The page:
Shivvy Jervis, an award-winning innovation futurist, advisor, and broadcaster, opened GAM 2019 with her session, Future Innovations With Big Impact: What's Leading the Charge?
Jervis told the audience futurism is "not about wild guess work or lofty claims." Rather, it is rooted in rigorous research, and humanity must be a part of the equation. "Technology is dead in the water if it doesn't augment human experiences," she noted.
Jervis said there have been three striking shifts in innovation:
- New advances engineering our needs in a built stage vs. retrofit.
- Radical customization and hyper personalization.
- Software focused on preempting consumer/client needs.
Jervis discussed a series of areas highlighting the current and future state of innovations.
Emotive AI: matches computational ability of advanced algorithms with interfaces that read and respond to human emotion. Meet the digital human — already being used in organizations. The user activates the avatar from a device. It perceives and acknowledges the user's mood. The user asks for the information he or she needs. The digital human mines its database and finds the information rapidly. Jervis says it is an always-on customer service tool.
Data Science: More powerful than traditional analytics, predictive analytic tools sort through data to predict trends. Users who aren't finding the value in these tools either aren't asking the right questions or need more advanced tools, Jervis said.
Mixed Reality: experiences or visualizations. Physical and digital objects coexist and interact in real time. The next generation of mixed reality will infuse actual touch in a virtual world. Mixed reality is already being used in defense planning and soldier training, improving surgical outcomes, engineering, and manufacturing.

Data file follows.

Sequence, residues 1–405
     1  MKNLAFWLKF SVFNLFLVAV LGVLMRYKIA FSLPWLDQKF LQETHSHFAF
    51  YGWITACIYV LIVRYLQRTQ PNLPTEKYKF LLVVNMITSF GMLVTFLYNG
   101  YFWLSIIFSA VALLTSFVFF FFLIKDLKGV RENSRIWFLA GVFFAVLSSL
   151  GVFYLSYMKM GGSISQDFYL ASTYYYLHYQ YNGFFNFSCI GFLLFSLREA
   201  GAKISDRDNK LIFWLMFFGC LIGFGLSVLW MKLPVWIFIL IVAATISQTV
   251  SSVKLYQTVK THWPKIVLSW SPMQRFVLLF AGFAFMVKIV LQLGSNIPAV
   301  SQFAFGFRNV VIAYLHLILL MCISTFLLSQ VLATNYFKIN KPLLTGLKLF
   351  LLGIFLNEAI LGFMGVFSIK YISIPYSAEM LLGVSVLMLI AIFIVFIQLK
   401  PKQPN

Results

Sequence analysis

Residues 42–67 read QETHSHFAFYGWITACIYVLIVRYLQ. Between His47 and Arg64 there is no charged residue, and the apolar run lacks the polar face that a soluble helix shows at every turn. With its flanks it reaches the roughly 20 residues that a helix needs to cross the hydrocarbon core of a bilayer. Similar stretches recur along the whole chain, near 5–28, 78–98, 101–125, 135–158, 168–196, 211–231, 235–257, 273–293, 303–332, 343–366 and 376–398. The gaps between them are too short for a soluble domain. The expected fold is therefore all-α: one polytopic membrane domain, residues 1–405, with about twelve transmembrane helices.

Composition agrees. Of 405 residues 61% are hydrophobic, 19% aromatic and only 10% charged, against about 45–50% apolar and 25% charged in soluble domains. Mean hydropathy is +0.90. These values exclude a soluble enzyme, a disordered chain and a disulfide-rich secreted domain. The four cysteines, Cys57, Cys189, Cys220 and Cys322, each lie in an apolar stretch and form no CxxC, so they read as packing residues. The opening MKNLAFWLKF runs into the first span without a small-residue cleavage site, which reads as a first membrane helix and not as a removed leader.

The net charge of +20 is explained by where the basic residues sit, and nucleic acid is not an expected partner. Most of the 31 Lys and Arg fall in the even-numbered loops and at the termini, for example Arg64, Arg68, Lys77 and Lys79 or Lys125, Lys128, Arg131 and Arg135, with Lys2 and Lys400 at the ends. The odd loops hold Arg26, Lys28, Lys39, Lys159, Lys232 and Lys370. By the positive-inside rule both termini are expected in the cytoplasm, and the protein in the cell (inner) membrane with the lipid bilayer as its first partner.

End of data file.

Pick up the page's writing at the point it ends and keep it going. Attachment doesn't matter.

Immersive Reality: bringing collateral to life. Physical surfaces around consumers will be hives of content, she explained.
Digital Identity: According to Jervis, 3.3 billion records were stolen last year, with 42 percent of security breaches stemming from within the organization. Fingerprints and facial ID can already be hacked, she explained, adding that organizations are shifting from first-generation identity security to second-generation biometrics. So what are these new biometrics?
- Vein or vascular ID — subdermal vein patterns under skin (vs. fingerprinting).
- Heartbeat ID or cardiac biometrics — everyone has a unique heartbeat pattern.
"In the future, might we need just one portable sensor that can always prove our identity?" Jervis asked the audience. She said we will likely see that type of sensor first in the B2B sector, and then it will roll out to consumers.
So how should organizations approach innovation? Jervis says:
- Bring in the mavericks.
- Celebrate failure.
- Make it inclusive (bet on people, not just strategies and blueprint innovation across organization).
- Don't forget about brand perception.
- Be nimble and agile.
Jervis ended her session with some examples of jobs of the future:
- Head of organizational disruption.
- Tech ethicist.
- Head of immersive workplace.
- Space physician.
- Chief trust officer.
- Robot–human interaction counsellor.
"We simply want a future that works," she concluded.